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Vaccine Information Statement

Polio Vaccine: What you need to know
Many Vaccine Information Statements are available in Spanish and other languages. See www.immunize.org/vis
Hojas de Informacián Sobre Vacunas están disponibles en Español y en muchos otros idiomas. Visite http://www.immunize.org/vis

1. What is Polio?
Polio is a disease caused by a virus. It enters the body through the mouth. Usually it does not
cause serious illness. But sometimes it causes paralysis (can’t move arm or leg), and it can cause
meningitis (irritation of the lining of the brain). It can kill people who get it, usually by
paralyzing the muscles that help them breathe.
Polio used to be very common in the United States. It paralyzed and killed thousands of people a
year before we had a vaccine.

2. Why get vaccinated?

Inactivated Polio Vaccine (IPV) can prevent polio.
History: A 1916 polio epidemic in the United States killed 6,000 people and paralyzed 27,000
more. In the early 1950’s there were more than 25,000 cases of polio reported each year. Polio
vaccination was begun in 1955. By 1960 the number of reported cases had dropped to about
3,000, and by 1979 there were only about 10. The success of polio vaccination in the U.S. and
other countries has sparked a world-wide effort to eliminate polio.
Today: Polio has been eliminated from the United States. But the disease is still common in
some parts of the world. It would only take one person infected with polio virus coming from
another country to bring the disease back here if we were not protected by vaccine. If the effort
to eliminate the disease from the world is successful, some day we won’t need polio vaccine.
Until then, we need to keep getting our children vaccinated.

3. Who should get polio vaccine and when?

Children getting these vaccines may get one more (5th) dose of polio vaccine. Adults Most adults 18 and older do not need polio vaccine because they were vaccinated as children. But some adults are at higher risk and should consider polio vaccination: • people traveling to areas of the world where polio is common. • laboratory workers who might handle polio virus.A third dose 6 to 12 months after the second.Two doses separated by 1 to 2 months. Your doctor can give you more information. including the antibiotics neomycin. It may be given at the same time as other vaccines. This is not a problem. 4. streptomycin or polymyxin B. Tell your doctor if you have any severe allergies. and . and • health care workers treating patients who could have polio. • who have had 1 or 2 doses of polio vaccine in the past should get the remaining 1 or 2 doses. These people should not get IPV: • Anyone with a life-threatening allergy to any component of IPV. should not get polio vaccine. • who have had 3 or more doses of polio vaccine in the past may get a booster dose of IPV. Children Children get 4 doses of IPV. at these ages: • A dose at 2 months • A dose at 4 months • A dose at 6-18 months • A booster dose at 4–6 years Some “combination” vaccines (several different vaccines in the same shot) contain IPV.IPV is a shot. . given in the leg or arm. It doesn’t matter how long it has been since the earlier dose(s). depending on age. Adults in these three groups: • who have never been vaccinated against polio should get 3 doses of IPV: . Some people should not get IPV or should wait.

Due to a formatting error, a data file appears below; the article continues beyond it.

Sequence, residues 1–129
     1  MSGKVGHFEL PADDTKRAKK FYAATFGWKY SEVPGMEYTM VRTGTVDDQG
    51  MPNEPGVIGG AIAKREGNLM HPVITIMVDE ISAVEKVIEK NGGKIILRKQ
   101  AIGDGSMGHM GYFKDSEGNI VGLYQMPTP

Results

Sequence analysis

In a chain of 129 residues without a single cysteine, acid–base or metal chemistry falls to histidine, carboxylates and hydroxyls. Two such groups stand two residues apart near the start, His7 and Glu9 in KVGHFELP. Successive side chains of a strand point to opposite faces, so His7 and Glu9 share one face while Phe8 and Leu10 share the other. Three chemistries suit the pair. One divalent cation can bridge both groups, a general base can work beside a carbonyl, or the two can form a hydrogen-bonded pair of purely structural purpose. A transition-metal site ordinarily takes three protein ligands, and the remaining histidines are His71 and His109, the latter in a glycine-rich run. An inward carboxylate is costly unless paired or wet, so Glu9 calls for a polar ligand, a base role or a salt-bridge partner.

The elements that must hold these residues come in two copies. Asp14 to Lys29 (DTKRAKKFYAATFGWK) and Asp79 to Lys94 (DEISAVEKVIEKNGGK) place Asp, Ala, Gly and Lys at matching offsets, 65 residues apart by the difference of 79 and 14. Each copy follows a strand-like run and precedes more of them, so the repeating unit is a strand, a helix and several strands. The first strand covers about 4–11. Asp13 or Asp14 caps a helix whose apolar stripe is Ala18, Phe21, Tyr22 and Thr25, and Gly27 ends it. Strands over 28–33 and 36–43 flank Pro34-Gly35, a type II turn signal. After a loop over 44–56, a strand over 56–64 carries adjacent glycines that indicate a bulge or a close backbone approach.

such as a cold. Your doctor might file this report. or behavior changes. call your doctor. Afterward.hhs. The risk of polio vaccine causing serious harm is extremely small. 6. swelling of the face and throat. • VAERS is only for reporting reactions.• Anyone who had a severe allergic reaction to a previous polio shot should not get another one. What if there is a serious reaction? What should I look for? • Look for anything that concerns you. call 9-1-1 or get the person to the nearest hospital. 5. However. the reaction should be reported to the Vaccine Adverse Event Reporting System (VAERS). They do not give medical advice. or you can do it yourself through the VAERS web site at www. very high fever.gov. Signs of a severe allergic reaction can include hives. such as signs of a severe allergic reaction. People with minor illnesses. difficulty breathing. may be vaccinated. What should I do? • • If you think it is a severe allergic reaction or other emergency that can’t wait.vaers. . IPV has not been known to cause serious problems. Otherwise. These would start a few minutes to a few hours after the vaccination. or by calling 1-800-822-7967. and weakness. any medicine could cause a serious side effect. These people should wait: • Anyone who is moderately or severely ill at the time the shot is scheduled should usually wait until they recover before getting polio vaccine. such as a severe allergic reaction or even death. a fast heartbeat. What are the risks from IPV? Some people who get IPV get a sore spot where the shot was given. dizziness. Ask your doctor for more information. and most people don’t have any problems at all with it.

C. § 300aa-26 Department of Health and Human Services Centers for Disease Control and Prevention Office Use Only .cdc. • • Call your local or state health department.gov/vaccinecompensation. The National Vaccine Injury Compensation Program The National Vaccine Injury Compensation Program (VICP) is a federal program that was created to compensate people who may have been injured by certain vaccines.gov/vaccines Vaccine Information Statement (Interim) Polio Vaccine (11/8/2011) 42 U.S. 8. How can I learn more?Ask your doctor. Contact the Centers for Disease Control and Prevention (CDC): .7.Visit CDC’s website at www. Persons who believe they may have been injured by a vaccine can learn about the program and about filing a claim by calling 1-800-338-2382 or visiting the VICP website at www.Call 1-800-232-4636 (1-800-CDC-INFO) or .hrsa.